But It Is A GREAT Song?

In Best Practices, Lyrics, Melody, Music, Music Business, nashville, Perspective, Ponder this, Singing, Songwriting, You HAVE to on October 6, 2009 at 10:59 am

surprisedSongwriters in the music industry can be labeled as amateurs or professionals.  The only distinction between the two titles is money.  Amateurs do not get paid and professionals do.  Titles do not make you a good songwriter, but if you want to make a living out of creating songs, you better hope you make it to the professional side of the road.  But how does one turn into a professional songwriter?

Simple, an artist needs to record/cut your song.  That is it.  Sounds easy right?  But the ratio of songs to artists is absolutely in favor of the artist. Not to mention the long line of people between the artist and the songwriter that are allowed and encouraged to voice their opinion.  Your song has to be bullet proof.  It has to stand up against the opinions of interns, producers, A&R people, label executive, assistants, band leaders, publishers, song-pluggers, and the list goes on!  Songwriters have to perfect their craft and network to get their songs out there.  Just tonight my co-writer and I were discussing how we pitched a song to Trace Adkins and he passed it over.  Rejected!  “But it is a great song,” I commented.  I asked my co-writer why he thinks it was passed over.  After shaking his head in disappointment he pointed me to an article he has had for almost fifteen years!

In the 1995 March/April edition of American Songwriter, Michael Kosser published an article entitled, “Why Your Song Did Not Get Cut: Here Are Thirty-Three Reasons.”  Although the article was printed long ago, most of the reasons still hold true today. As you read on, you will find some of his reasons funny and ironic.  The point it is, for every rule there is an exception and for every “do…” there is a “don’t do…”

  1. Your song is not pop enough.  It never got past the interns at the record companies because the interns all like pop music and your songs are too country.
  2. Your song is too pop.  The only songs of yours that the interns let through are songs that are not country enough for the producers.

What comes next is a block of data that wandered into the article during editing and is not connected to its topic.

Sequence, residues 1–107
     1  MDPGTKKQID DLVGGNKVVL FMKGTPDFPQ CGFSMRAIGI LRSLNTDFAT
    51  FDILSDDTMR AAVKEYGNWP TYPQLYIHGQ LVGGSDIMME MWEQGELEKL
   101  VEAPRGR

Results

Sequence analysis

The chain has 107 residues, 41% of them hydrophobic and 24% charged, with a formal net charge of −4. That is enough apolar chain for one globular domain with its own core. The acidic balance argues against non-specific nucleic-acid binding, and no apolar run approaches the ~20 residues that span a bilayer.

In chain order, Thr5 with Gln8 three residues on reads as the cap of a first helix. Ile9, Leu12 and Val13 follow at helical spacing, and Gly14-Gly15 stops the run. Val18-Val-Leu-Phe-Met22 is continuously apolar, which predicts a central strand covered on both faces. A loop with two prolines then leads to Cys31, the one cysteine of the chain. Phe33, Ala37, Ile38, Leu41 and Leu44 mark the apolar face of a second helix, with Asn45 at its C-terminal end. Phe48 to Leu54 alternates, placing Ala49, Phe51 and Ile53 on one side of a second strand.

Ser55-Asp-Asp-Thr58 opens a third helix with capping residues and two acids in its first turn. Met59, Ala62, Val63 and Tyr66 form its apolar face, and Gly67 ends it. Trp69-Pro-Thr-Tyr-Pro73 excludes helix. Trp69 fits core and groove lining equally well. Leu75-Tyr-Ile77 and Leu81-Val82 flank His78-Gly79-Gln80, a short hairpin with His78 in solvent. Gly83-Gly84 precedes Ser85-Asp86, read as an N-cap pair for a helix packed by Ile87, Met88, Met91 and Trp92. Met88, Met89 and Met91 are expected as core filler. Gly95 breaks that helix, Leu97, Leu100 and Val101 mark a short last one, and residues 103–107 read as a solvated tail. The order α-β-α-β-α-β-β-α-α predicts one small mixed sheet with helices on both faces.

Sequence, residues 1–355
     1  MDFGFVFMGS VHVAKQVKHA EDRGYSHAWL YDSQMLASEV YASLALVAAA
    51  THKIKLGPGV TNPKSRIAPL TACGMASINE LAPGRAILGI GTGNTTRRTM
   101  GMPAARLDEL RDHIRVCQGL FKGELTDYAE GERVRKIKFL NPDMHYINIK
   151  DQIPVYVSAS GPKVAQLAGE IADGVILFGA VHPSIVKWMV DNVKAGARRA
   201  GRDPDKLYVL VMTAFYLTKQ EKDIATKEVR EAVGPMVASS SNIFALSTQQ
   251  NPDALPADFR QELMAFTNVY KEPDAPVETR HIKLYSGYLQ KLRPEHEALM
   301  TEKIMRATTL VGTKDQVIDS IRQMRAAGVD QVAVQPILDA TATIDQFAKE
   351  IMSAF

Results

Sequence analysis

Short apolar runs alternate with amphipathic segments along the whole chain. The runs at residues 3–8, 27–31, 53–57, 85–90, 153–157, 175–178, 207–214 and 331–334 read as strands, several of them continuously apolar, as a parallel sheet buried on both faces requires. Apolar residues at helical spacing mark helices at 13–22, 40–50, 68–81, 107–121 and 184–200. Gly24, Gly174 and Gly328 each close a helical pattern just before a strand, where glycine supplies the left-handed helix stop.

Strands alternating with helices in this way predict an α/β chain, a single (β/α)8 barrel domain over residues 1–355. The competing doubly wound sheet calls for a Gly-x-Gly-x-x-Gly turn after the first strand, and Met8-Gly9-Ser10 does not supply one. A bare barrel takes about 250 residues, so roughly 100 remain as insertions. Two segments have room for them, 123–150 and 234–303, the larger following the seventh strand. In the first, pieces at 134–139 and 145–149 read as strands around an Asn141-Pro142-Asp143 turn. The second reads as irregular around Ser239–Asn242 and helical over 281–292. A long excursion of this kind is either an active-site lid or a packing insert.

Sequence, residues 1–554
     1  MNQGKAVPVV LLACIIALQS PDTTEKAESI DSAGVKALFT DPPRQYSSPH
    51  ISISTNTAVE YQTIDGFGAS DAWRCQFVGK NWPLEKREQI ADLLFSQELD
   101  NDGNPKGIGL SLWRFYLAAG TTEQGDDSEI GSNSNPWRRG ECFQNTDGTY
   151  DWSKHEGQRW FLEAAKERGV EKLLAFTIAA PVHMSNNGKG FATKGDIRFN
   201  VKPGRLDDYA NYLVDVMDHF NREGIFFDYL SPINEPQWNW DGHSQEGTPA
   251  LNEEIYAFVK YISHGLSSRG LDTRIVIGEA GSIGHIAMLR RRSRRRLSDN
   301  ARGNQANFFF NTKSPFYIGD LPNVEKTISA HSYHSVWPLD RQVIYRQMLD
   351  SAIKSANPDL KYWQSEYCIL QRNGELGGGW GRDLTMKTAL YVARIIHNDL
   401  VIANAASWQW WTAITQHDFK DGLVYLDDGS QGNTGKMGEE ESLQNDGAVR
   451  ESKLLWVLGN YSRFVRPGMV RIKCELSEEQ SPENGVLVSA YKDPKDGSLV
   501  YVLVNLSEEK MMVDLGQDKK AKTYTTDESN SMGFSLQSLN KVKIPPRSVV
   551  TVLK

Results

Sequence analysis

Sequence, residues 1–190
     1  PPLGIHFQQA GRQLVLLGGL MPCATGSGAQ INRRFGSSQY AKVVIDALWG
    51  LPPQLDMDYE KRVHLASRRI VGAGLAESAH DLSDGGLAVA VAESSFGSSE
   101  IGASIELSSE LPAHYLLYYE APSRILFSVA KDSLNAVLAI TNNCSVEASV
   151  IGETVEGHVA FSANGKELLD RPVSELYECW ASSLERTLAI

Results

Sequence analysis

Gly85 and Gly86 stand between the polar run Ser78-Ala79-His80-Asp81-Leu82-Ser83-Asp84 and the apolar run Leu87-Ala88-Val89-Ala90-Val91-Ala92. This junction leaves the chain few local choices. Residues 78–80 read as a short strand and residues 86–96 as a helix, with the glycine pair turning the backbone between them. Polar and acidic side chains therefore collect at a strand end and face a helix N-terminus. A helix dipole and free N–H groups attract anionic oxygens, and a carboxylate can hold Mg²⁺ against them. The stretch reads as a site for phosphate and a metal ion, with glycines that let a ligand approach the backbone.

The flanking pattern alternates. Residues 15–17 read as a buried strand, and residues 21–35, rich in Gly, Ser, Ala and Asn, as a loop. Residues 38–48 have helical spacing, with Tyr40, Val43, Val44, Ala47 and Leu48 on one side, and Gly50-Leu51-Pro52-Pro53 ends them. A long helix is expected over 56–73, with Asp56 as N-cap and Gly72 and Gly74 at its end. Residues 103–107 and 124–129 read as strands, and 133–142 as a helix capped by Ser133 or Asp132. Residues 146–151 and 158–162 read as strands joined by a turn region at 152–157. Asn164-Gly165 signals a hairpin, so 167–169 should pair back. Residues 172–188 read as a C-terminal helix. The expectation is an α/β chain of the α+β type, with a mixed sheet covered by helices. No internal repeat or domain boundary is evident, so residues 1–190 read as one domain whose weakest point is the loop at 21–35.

3. You sing on your own demos.  Have you ever listened to your voice on tape?  I mean really listened?
  4. You think that your little Casio keyboard has a great string section and you use it on all your home demos.
  5. The producer put your song on hold too early and was sick of it by the time the session dates came up.
  6. The producer put your song on hold too late and didn’t have time to play it for his artist.
  7. The artist came off the road with a bunch of songs he had written himself.
  8. The artist came off the road without having written any songs so they canceled the session.
  9. The A&R person didn’t like the song.
  10. The A&R person doesn’t like you.
  11. The A&R person loved the song but the producer doesn’t like the A&R person.
  12. Your publisher says the producer turned down your song but he lied.  He didn’t pitch the song because he doesn’t like the song, or he doesn’t like you, or he doesn’t like the string section on your Casio keyboard.
  13. The producer loved your song enough to find other songs that sound like yours but were written by the artist, or by more successful writers.
  14. The tapemaker at your publishing company made a distorted copy.
  15. The tapemaker made a blank tape because it hates you.
  16. You pitched your song to X artist because the song was written around the seven-flat chord and X artist loves songs with a seven-flat chord. Unfortunately his producer is turning down songs with a seven-flat chord these days because he thinks writers are sticking in a seven-flat to con him.
  17. The producer loved the song but the demo singer sounded like Garth, which made the producer angry because he thought you were pitching him Garth rejects.
  18. The producer loved the song but the demo singer is Garth, which told the producer that the song is an old one, which made him angry because you dared to pitch him an old song.